As BlackBerry continues on its downward spiral, more and more of its government clients are jumping ship. And it’s no secret that pretty much every other handset manufacturer out there is looking to lure the RIM refugees into their respective mobile platforms.
At least it seems that Apple is working hard to earn their business. Just a few months after receiving Level 1 FIPS 140-2 certification—a security standard developed by the US government for use in its computers, comes word that it’s gained Level 2 compliance…
FIPS stands for Federal Information Processing Standard, which is validated by The National Institute of Standards and Technology (NIST). And FIPS 140-2 validation is required to sell products implementing cryptography to the Federal Government (via TNW):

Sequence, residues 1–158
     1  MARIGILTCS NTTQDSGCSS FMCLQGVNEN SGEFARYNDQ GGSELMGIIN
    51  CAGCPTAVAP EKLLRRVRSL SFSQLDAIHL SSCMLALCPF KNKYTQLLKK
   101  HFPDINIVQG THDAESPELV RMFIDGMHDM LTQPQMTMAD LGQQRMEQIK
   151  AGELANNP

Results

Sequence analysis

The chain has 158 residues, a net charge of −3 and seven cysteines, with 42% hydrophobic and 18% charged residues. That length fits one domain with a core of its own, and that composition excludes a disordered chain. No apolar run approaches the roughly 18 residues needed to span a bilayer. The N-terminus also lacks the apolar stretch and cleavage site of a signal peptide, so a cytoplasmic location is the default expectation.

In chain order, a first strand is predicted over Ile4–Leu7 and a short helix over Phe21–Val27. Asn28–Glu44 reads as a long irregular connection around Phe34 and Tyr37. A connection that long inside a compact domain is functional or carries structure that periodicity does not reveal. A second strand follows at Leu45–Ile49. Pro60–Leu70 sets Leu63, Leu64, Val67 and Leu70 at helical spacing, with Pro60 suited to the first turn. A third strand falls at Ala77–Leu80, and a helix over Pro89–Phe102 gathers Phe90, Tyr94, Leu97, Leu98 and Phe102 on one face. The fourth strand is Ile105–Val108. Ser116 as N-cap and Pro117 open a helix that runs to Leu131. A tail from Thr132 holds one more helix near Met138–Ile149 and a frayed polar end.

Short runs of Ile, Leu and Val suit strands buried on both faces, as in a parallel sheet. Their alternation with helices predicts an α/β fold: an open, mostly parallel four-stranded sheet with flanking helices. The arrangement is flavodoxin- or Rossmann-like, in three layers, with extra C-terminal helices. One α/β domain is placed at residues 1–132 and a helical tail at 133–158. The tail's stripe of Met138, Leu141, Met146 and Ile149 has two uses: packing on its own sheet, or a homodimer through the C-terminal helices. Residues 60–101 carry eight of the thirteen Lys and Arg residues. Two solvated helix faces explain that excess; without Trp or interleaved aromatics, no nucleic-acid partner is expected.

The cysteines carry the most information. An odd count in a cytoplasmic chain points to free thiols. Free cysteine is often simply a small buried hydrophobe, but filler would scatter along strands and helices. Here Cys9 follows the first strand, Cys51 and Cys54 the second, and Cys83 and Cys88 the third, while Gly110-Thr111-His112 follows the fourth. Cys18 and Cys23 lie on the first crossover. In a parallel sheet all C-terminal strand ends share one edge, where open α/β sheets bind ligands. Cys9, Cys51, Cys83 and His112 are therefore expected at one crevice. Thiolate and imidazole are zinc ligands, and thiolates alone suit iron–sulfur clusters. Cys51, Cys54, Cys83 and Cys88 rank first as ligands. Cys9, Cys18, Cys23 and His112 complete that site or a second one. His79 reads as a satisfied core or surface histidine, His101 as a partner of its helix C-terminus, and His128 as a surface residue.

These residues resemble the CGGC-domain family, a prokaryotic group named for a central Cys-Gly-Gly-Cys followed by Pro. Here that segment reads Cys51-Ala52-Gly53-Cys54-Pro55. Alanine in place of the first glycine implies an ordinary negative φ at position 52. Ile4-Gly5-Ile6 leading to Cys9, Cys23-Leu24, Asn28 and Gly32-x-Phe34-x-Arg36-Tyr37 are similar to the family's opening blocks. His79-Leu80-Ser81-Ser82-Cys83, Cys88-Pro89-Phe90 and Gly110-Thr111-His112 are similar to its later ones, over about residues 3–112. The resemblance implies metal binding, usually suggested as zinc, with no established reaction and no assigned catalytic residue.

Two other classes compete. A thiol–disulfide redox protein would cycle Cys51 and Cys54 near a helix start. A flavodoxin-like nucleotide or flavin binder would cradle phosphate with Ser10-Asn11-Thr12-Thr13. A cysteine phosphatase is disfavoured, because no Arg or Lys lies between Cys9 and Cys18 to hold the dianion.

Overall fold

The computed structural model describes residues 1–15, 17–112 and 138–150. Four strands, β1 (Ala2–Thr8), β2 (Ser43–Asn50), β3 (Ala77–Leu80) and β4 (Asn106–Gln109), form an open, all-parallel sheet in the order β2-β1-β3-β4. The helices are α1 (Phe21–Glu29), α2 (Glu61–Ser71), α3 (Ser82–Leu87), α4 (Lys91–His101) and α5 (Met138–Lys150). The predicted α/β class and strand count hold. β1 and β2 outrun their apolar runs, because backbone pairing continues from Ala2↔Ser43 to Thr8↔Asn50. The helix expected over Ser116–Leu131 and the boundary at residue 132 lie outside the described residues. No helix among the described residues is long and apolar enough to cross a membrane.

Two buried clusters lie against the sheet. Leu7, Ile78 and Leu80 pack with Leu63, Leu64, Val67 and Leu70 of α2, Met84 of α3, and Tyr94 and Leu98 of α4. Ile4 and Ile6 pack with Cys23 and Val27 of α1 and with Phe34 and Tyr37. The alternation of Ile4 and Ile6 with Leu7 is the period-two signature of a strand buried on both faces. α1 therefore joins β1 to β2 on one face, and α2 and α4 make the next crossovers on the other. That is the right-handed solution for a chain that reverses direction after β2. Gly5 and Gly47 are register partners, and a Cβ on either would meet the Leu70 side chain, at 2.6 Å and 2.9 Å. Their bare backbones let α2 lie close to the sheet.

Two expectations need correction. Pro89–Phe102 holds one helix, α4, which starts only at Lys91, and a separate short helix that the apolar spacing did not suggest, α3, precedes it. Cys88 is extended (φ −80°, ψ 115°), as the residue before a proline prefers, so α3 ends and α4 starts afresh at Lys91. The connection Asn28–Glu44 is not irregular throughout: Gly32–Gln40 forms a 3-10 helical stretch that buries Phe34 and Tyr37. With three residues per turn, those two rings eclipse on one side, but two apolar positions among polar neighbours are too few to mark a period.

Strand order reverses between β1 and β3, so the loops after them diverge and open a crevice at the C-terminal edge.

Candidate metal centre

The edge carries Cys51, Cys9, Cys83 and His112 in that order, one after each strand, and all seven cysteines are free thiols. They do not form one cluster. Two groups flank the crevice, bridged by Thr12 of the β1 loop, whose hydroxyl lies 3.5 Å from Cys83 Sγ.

“By far the most important to the government market is FIPS 140-2, because FIPS 140-2 Validation is required for sale of products implementing cryptography to the Federal Government. If you don’t have FIPS 140-2 Validation for your product, and can’t show that you are going to be obtaining it, you will not be able to access the government market with your products.”
The certificate, which includes various crypto algorithms, states that only A4 and A5 devices running iOS 6 have been validated. But given Apple’s interest in the space, it’s safe to assume they’re hard at work on getting A6 devices (iPhone 5, etc.) approved as well.
Apple’s efforts aren’t going unnoticed. Last fall, both the U.S. Immigration & Customs Enforcement departments shucked their BlackBerry handsets for iPhones. And the last we heard, the US Department of Defense had granted its iOS devices approval for secure use.
It gets better. Apple’s next generation mobile operating system, iOS 7, includes a number of new security features that could further spur government and enterprise adoption. There’s per app VPN (Virtual Private Network) and Activation Lock, to name a few.